High temperatures have affected the entire Europe.

English Section / 3 octombrie

High temperatures have affected the entire Europe.

Versiunea în limba română

This summer has set numerous temperature records in many parts of the world. Europe was among the most affected continents. Approximately 3,100 people are estimated to have died in Germany this year due to high temperatures, according to researchers from the Robert Koch Institute (RKI). Most of the victims were over 75 years old, according to a weekly report released by the institute, the main governmental institution in the field of biomedicine. In absolute terms, more women die from the heat than men, a situation that can be attributed to the higher number of elderly women in the population. The number of deaths varies greatly from year to year, depending on the severity of the heatwave. The institute estimated that in 2018, 2019, and 2015, over 6,000 people died due to the heat. In 2014, 2016, 2017, and 2021, estimates ranged from 1,000 to 1,700 cases. In most cases, deaths are caused by a combination of factors - preexisting medical conditions exacerbated by heat, which may not always be listed as the cause of death on the death certificate, according to the institute's report. RKI experts estimate the number of heat-related deaths using statistical methods that incorporate air temperature and mortality data.

On the other hand, France experienced its hottest September on record, following exceptionally high temperatures during the summer amid global climate warming in 2023, announced the national meteorological agency of the country. "September 2023 is the hottest September ever measured in metropolitan France, with an average temperature well above the normal values" for the 1991-2020 period, according to Meteo-France representatives. September 2023, which started with an exceptional late heatwave, will be "3.5-3.6°C" above the normal values, with an average temperature of 21.5°C, said climate specialist Christine Berne at a press conference. This record will surpass previous average temperature peaks from 1949 and 1961 recorded in the French national archives, which have data dating back to 1900, and it fits into a continuous 20-month streak of temperatures exceeding seasonal norms. "Climate change favors the extension of heatwaves into (...) spring and September or even early October," as predicted by climate experts from the UN's Intergovernmental Panel on Climate Change (IPCC), added Christine Berne. This configuration, the result of greenhouse gas emissions primarily from human fossil fuel use, combined with a meteorological phenomenon of hot air coming from the Sahara this time.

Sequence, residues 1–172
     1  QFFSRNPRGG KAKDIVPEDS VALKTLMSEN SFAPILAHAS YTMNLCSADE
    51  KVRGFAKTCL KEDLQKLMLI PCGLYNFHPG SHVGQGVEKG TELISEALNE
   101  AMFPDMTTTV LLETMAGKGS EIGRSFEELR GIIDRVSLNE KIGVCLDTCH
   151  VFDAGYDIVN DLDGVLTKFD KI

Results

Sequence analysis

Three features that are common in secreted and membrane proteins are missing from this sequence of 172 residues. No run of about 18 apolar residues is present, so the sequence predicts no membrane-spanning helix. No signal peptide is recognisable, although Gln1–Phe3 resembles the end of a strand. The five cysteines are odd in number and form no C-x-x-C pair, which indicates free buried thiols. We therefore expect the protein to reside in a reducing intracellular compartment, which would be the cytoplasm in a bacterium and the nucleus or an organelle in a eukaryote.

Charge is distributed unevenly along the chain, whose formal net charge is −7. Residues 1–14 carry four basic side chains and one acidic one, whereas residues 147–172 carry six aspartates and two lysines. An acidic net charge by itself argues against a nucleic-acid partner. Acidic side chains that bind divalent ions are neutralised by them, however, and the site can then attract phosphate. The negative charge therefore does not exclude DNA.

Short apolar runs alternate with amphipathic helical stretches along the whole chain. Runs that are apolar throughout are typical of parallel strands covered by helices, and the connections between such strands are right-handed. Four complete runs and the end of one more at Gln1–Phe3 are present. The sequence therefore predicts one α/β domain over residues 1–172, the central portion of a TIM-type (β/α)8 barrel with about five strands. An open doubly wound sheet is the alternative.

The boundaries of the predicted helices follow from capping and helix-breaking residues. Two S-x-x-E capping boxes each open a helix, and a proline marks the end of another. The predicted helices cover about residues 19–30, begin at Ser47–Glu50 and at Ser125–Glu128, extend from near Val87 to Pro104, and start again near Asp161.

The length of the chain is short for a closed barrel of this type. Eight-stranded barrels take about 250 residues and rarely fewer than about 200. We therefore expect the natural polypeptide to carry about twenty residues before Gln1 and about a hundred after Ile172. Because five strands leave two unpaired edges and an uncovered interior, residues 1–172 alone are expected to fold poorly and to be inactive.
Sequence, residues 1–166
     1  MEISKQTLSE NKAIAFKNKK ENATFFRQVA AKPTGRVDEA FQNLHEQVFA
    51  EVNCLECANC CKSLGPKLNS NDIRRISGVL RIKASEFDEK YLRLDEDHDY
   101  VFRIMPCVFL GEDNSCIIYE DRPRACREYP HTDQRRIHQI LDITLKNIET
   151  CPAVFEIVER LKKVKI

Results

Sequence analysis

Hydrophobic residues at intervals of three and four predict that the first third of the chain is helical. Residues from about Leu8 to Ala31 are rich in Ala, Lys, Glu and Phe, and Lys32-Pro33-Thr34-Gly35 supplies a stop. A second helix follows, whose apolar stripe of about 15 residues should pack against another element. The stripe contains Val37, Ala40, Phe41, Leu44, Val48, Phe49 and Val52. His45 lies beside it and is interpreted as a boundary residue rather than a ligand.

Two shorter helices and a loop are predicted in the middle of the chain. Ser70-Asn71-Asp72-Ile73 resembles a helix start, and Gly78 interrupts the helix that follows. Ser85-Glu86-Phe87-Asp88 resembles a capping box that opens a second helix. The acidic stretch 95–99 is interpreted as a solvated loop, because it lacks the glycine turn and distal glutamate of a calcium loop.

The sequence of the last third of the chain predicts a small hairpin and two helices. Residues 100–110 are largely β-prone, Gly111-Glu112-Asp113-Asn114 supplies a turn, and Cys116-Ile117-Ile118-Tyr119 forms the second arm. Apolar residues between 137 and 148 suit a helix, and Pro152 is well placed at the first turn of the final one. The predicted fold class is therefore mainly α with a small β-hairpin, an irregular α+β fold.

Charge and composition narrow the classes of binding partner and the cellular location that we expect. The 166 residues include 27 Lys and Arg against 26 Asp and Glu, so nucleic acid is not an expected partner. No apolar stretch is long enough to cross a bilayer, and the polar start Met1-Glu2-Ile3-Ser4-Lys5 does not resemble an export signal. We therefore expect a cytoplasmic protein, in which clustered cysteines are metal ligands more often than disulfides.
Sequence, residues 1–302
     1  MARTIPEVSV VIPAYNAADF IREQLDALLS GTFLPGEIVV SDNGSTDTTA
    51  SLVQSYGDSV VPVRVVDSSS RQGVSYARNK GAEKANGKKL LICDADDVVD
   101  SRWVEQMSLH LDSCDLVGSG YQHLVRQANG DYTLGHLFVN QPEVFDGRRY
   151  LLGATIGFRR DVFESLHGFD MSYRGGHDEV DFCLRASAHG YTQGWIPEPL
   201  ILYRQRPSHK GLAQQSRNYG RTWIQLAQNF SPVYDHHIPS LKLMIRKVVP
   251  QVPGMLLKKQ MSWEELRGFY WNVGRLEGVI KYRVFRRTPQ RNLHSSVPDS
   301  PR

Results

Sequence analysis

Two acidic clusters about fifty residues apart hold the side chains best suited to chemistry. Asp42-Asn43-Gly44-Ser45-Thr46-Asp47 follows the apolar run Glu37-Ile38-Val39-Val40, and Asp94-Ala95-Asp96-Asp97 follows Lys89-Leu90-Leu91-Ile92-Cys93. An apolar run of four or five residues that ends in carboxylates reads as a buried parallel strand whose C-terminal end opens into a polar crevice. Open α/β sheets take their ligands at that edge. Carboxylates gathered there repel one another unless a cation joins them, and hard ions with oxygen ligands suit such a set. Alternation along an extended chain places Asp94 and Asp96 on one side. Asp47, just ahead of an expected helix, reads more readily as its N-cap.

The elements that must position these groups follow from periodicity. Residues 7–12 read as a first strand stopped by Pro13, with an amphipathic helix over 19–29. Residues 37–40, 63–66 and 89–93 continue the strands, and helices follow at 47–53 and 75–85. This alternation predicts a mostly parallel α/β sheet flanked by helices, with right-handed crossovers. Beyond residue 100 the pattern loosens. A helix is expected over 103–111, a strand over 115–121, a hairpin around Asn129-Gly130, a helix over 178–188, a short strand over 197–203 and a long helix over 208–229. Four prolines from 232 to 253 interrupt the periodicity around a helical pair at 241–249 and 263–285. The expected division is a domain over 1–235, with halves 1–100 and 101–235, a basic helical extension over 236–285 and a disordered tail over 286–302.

"Numerous heat records for October are threatened," and there is a risk of them being broken, with enormous seasonal anomalies predicted, "sometimes exceeding differences of 10 degrees Celsius," added meteorologist Tristan Amm. Global climate warming is causing a stronger increase in temperatures in Europe than globally. While global climate is now about 1.2°C warmer than in the pre-industrial era, climatologists estimate that the heat surplus reached in France is approximately 1.8°C. Data from France also reflect the global trend, which broke its quarterly temperature record during the summer in the northern hemisphere (June-July-August) and is likely facing the hottest year in the history of meteorological measurements. In the face of this "relentless mechanism," there has not yet been an assessment of the profoundly structural nature of climate change, said Francois Gemenne, one of the authors of the most recent report by the IPCC (Intergovernmental Panel on Climate Change). This unprecedented situation is accompanied by a series of disasters: heatwaves, droughts, floods, and wildfires have struck Asia, Europe, and North America in this period, in dramatic and often unprecedented proportions, taking human lives and causing environmental and economic damage.

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